What he does whine (and yell) about is doing school.  He’s a great student and he’s super smart. Once he gets to work and applies himself I think he feels encouraged and enjoys learning. But almost every week day I say, “Okay, we’re going to start school now” and he flips out. Like backtalk, sassy, yelling, awful-face reaction. It’s like I’m looking at my angriest self in the mirror.

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One day was particularly bad and so his journal entry topic was selected for him: to apologize to his mom and explain how he thinks it made her feel when he yelled at her. He begrudgingly went about his work, but less than ten minutes later he approached me with this:

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In case you have trouble reading this, I will translate. It says, “I’m sorry I yelled at you Mom. I think it made you sad. Do you forgive me? Are you ok?”

I asked him to read it to me and when he got to the end he choked up. And then he got made because somehow he’s learned that being tender and vulnerable is not a good thing (maybe from me? just a thought . . .) Anyway, I snagged a hug and told him I loved him before he ran off.

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Ian has become an even better gift giver than he was last year.  His Christmas gifts for others were so perfect.

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I can’t help but comment that Jason looks like a crazed lunatic in this pic.  And there’s Ian’s old-man glasses!

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And lastly, Bebo with the lamby Ian got her with his Awana bucks.

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I think I may have mentioned before that we sponsor a seven-year-old boy from Haiti named Gregory through Compassion International. We do this, in part, so Ian can connect with another child his age who lives somewhere vastly different, and who needs God’s love in some very specific ways.

Ian has participated over the last few years in writing letters, drawing pictures, and sending little gifts to Gregory. But a month ago we received a letter that Gregory’s father had died. Because his mom died several years ago, he is now a complete orphan. When I told Ian he got overwhelmed and started to cry. Then he pulled himself together and ran off with a sense of resolve. He grabbed all of his saving and giving money and wanted to give it to Gregory so he “can be happy again.”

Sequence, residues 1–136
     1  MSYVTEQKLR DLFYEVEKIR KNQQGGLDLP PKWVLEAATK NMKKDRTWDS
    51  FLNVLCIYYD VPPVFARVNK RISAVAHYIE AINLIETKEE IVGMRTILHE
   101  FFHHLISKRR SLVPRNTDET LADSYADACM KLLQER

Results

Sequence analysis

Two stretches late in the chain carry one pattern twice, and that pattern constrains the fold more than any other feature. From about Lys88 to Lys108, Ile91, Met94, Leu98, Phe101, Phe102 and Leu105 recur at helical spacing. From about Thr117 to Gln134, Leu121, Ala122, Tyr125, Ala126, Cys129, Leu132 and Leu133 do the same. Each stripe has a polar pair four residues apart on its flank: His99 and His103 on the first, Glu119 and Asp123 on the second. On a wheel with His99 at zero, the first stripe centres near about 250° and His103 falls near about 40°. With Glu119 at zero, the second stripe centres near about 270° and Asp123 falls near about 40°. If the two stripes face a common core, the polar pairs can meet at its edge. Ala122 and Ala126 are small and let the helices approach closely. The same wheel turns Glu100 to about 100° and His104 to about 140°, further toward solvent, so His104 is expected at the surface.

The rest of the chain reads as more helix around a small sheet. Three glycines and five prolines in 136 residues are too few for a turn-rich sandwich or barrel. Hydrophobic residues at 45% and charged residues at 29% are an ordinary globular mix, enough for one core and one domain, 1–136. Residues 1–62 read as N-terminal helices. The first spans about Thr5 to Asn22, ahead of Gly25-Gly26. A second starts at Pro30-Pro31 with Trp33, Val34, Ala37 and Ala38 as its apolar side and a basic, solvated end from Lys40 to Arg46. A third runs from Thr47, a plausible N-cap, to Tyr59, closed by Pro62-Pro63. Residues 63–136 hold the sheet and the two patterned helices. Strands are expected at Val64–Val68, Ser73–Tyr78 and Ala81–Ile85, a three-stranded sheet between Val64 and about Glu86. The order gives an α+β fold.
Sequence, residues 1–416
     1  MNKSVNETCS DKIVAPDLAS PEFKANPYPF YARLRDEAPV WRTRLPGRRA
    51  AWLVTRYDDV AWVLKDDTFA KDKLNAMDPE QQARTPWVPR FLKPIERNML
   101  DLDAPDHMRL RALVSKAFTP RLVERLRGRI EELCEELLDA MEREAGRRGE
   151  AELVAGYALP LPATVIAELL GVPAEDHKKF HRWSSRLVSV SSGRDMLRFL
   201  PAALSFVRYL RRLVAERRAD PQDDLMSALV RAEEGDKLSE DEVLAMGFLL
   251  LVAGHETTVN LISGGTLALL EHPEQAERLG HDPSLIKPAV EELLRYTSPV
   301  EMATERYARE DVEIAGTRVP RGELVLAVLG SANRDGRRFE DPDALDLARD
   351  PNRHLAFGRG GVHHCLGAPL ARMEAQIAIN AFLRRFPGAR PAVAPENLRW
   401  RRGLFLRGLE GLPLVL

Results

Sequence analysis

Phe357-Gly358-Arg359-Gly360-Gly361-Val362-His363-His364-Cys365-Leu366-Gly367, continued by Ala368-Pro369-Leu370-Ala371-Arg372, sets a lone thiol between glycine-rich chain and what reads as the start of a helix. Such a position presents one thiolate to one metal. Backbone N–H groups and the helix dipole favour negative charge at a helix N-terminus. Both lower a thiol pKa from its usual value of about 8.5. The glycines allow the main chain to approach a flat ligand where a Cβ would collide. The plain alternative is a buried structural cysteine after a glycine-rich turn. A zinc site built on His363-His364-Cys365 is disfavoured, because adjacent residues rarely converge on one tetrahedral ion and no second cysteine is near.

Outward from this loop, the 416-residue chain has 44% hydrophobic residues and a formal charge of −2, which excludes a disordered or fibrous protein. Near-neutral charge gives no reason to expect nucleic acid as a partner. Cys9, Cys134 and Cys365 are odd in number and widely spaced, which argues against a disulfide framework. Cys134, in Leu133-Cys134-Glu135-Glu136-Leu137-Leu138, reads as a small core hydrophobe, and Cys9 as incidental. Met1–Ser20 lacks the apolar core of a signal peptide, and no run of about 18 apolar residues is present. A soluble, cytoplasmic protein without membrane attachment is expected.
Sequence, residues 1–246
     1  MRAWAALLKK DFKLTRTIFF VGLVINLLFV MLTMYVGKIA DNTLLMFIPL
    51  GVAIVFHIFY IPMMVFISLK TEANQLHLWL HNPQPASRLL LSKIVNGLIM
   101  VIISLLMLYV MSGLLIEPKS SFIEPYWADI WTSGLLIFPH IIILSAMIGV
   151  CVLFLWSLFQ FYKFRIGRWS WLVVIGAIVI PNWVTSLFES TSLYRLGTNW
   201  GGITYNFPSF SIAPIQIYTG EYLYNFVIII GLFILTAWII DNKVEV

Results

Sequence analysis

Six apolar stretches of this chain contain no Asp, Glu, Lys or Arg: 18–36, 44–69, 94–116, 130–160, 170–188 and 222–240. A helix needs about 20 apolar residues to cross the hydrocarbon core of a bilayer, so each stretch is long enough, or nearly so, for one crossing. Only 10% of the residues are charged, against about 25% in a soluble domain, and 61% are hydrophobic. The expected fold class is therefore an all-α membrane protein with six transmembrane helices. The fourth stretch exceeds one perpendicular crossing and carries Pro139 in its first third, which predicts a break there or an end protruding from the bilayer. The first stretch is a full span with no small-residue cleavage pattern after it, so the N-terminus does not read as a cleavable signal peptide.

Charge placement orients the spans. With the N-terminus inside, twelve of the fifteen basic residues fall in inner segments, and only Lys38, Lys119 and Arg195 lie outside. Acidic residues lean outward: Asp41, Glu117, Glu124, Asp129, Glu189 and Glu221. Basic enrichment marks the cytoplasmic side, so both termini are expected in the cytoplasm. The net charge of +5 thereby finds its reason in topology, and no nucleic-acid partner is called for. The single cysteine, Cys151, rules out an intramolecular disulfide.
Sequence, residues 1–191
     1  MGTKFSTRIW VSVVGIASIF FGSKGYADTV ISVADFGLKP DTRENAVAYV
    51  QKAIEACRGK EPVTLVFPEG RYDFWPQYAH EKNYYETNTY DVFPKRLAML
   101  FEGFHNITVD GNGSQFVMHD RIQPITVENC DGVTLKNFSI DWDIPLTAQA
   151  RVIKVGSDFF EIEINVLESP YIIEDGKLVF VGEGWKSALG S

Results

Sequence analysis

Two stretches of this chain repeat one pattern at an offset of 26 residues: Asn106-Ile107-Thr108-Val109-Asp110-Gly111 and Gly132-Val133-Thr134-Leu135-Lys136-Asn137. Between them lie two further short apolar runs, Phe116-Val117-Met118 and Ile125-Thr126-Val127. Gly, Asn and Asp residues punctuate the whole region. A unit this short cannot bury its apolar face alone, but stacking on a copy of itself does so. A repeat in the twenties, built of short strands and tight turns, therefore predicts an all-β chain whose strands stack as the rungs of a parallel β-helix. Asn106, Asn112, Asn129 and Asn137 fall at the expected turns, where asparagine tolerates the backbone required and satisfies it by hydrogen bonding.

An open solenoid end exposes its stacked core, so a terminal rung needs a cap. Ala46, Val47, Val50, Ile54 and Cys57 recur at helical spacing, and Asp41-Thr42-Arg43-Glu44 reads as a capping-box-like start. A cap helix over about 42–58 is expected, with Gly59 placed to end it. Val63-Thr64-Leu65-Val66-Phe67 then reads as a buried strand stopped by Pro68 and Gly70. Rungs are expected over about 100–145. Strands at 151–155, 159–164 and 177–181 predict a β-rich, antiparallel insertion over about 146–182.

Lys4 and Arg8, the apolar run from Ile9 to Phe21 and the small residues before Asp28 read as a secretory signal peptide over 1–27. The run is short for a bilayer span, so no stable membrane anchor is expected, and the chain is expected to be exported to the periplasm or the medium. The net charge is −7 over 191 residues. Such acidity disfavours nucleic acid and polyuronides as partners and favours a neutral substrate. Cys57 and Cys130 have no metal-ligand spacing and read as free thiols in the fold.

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Ian sending his letter off to Gregory.

We called Compassion that day and made a special donation, and Ian and I prayed with the customer service rep on the phone. I asked Ian, “Are there any bible verses that you think would encourage Gregory right now?” He shrugged at first, but then decided on Psalm 23, since he had just memorized it. So I wrote it out on a piece of paper and Ian colored on it. The Compassion rep confirmed with me that it will be translated so Gregory can read it himself.

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Speaking of Psalm 23, here is how I haphazardly tried to explain it to Ian when he was memorizing it several months ago. It was a fun conversation. Having to explain life in simple terms is really good for my soul, and I hope it’s good for him, too.

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It’s been a smattering of things, and I wish I had some heartfelt, God-inspired words directly for Ian this year, but I don’t. I’ll just say I’m so very happy to be his mom and to have shared another year with him.

I love you, Ian bo bee-an. Here’s some more great pics of you this last year. You’re still pretty cute, even though you’re so old now.

(In chronological order, starting with Ian’s 6th birthday and ending with his 7th.)

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Painting by Elizabeth VanSnellenberg

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I suppose I’ve got to start somewhere so I’ll start with today

First I was going to write about our amazing summer. Then time passed and it was going to be about Ian turning seven.  Then a recap of our happy and full 2015. And Beatrice’s birthday passed over a month ago, and still nothing.

Ugh. I’m not sure if my writing muscles are just really atrophied or I’ve got complete a block.  Or I’m just busier or happier doing other things.  Or I’m stumped creatively. Or maybe it’s all of those things.  I don’t know.